More information on exploring and engaging with others’ projects is available here.

If you are having difficulties with submitting your files or modifying your project page, please contact us at for support.


Talk presenters can, if they wish, record their own talk and/or poster presentation. Please note that the recording time for main colloquium talks has been set at 45 minutes max, for workshop talks at 30 minutes max. The recording of your poster presentation is limited to 5 minutes.

If you want to create a short video accompanying your slides, you may do so in any way you would like: show your face, don’t show your face, show a nice background, record on your slides, or any combination of these!

We are happy for you all to get creative and have fun with this, and use whatever software you like. However, we do have one request: please make (or convert) your video to .mp4 format and upload a copy of this .mp4 on the OSF for archival purposes. Note that OSF allows uploading files of size up to 5GB. While this should be more than enough for a 45-minute video, please consider compressing particularly large video files in order to accommodate attendees with low internet speeds.

In what follows, we give you a few pointers on how you can record your talk/poster and/or yourself.

1. Making videos in Quicktime/iMovie

Mac users have the option to make movies using Movie, QuickTime Player, and even just the camera functionality on your phone. Here’s how to use Quicktime to make a screen+webcam video:

  • Open Quicktime.
  • Go to file > new movie recording, then to view > float on top. Position the image where you want it on the screen.
  • Go to file > new screen recording. Click the down arrow next to the record button. Select internal microphone as sound source, then press the record button.
  • Make your slide(s) full screen. Now give your talk.
  • When you’re done, minimize your slides. You’ll see a little record button on the upper right app bar – click it. This will stop the recording.
  • Save the file to any directory.

You will then need to convert the Quicktime movie to .mp4 format.  Here is one way to do it:

  • Open iMovie.
  • Go to Projects, then Create New, then Import Media.
  • Import the file you just made.
  • Go to file > share > file.
  • Select Quality:High and Compress:Faster.
  • Save it. It will now save as an .mp4.

2. Recording your slides (narration)

PowerPoint or Keynote users can record their voice on their slides and then save their talk in a .mp4 file. 

→ For PowerPoint users:

  • In the toolbar, select Slide Show > Record Slide Show.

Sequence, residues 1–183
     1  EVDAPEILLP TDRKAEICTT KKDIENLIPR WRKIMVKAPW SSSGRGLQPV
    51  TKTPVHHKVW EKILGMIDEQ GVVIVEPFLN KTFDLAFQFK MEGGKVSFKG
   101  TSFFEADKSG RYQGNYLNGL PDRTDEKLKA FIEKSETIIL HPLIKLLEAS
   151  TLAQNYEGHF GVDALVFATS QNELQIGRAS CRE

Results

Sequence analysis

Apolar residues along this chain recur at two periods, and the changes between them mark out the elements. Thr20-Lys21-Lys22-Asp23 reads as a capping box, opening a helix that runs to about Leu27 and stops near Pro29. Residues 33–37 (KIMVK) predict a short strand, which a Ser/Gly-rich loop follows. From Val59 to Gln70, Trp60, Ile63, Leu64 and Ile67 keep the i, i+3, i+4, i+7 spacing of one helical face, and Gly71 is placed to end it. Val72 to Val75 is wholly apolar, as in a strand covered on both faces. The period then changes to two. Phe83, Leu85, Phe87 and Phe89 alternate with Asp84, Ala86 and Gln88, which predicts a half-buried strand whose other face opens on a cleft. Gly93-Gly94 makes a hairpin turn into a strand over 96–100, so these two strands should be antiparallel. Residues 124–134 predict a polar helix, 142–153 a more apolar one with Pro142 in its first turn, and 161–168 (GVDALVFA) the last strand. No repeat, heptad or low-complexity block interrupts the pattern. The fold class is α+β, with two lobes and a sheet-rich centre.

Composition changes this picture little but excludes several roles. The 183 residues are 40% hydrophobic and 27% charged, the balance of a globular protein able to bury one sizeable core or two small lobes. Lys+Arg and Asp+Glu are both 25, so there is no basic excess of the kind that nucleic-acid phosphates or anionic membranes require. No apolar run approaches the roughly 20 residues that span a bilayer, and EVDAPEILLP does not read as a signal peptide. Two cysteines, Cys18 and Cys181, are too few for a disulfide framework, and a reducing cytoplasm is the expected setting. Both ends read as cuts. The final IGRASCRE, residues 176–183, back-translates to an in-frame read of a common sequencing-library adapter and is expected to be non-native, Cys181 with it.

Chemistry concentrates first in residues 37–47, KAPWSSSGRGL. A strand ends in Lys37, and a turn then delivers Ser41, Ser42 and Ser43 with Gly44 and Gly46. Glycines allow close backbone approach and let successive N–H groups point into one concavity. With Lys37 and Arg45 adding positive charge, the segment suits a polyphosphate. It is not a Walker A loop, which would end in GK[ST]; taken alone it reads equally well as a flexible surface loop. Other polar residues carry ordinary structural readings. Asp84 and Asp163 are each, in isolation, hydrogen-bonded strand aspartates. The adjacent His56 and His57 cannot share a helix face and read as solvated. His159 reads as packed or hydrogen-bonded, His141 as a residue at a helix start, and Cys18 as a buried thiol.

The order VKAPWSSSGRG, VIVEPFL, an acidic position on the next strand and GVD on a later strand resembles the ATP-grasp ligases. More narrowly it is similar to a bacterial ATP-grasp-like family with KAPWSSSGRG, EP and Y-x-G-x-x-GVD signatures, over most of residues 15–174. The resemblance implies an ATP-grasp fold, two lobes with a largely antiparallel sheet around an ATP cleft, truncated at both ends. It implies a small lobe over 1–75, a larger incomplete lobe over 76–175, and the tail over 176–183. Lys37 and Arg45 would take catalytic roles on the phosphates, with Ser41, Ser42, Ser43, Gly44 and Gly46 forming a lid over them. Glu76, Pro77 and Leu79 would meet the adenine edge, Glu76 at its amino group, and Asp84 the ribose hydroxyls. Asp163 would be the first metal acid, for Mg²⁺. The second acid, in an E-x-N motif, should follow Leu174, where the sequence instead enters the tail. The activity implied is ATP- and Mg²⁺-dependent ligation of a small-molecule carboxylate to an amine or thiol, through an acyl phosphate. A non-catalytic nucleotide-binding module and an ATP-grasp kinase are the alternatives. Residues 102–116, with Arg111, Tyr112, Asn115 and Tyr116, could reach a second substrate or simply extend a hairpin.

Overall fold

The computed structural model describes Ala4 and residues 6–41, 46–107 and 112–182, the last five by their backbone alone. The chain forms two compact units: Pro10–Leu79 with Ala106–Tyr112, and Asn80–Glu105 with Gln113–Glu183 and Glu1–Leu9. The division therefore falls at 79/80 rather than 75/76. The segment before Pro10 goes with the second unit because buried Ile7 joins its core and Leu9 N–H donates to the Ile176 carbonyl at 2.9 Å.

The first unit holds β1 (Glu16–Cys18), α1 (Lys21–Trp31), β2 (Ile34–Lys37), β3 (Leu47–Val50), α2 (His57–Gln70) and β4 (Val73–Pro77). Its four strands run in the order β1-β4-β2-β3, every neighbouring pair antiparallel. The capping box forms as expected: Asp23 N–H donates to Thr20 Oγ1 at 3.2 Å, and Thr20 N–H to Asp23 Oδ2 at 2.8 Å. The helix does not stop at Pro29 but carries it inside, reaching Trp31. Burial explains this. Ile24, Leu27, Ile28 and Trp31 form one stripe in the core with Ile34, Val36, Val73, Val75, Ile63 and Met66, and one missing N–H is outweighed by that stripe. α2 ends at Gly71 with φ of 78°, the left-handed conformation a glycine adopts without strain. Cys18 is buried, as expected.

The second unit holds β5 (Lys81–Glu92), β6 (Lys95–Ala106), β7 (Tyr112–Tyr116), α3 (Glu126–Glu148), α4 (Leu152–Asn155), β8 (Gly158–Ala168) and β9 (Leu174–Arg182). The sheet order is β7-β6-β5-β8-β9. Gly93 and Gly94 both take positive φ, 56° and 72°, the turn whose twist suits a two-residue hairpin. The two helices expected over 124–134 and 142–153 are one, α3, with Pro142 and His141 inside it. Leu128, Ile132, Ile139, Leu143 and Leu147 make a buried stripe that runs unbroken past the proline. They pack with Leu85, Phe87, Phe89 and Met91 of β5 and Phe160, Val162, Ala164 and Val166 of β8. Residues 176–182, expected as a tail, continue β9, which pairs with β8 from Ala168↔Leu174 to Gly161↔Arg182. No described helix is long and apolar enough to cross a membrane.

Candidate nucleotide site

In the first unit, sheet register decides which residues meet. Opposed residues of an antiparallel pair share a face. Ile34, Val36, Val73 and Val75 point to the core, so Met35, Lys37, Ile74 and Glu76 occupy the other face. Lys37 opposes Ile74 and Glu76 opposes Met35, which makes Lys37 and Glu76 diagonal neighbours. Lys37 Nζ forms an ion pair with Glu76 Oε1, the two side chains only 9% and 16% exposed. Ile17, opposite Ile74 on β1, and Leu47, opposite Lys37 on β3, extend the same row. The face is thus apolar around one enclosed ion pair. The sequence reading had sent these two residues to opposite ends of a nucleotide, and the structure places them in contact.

• Proceed to talk. Note that you can pause the talk during the recording.
  • Once your recording is over, select End Show in the upper-left corner of the screen.
  • Save the new slide timings.
  • Go to file > Export > File Format > MP4.
  • Save it. Your talk is now saved as an .mp4 file.

→ For Keynote users:

  • In the menu bar, select Play > Record Slideshow.
  • Press the record red button at the bottom of your screen. A countdown of three seconds should appear. 
  • To end the recording, press the same red button again. 
  • Go to file > Export to… > Movie.
  • Select the 1024×768 format and save your file. 
  • To export your file to .mp4, find your file on Finder, select your file and press enter.
  • You should now be able to edit the name of your file.
  • add “.mp4” to the name of your file. A window should pop up asking you if you’re sure about wanting to change the extension. 
  • Select .mp4 and save your talk.

3. Making videos in OBS 

Here are instructions for making videos with OBS, a platform-independent, open source, free piece of software for making .mp4 videos (also, see here for a tutorial on the basics of OBS):

  • Create your OBS scene by adding a Window Capture source to mirror your poster and Video Capture Device source to record you. First, create new sources:
  • Then select Window Capture:
  • Choose the application that has your project material:
  • Right-click to resize the scene by selecting Resize output (source size):
  • Create a video device capture source:
  • Resize your video source as needed
  • Now change the recording settings so that you are recording an .mp4 file. Select Settings:
  • In the Output settings change the recording format to .mp4:
  • Now you can record your video!
  • After recording, you can access the video in your OBS Files and save it to a convenient directory.

Done! Now you can upload your video to the GLOW 43 OSF meeting.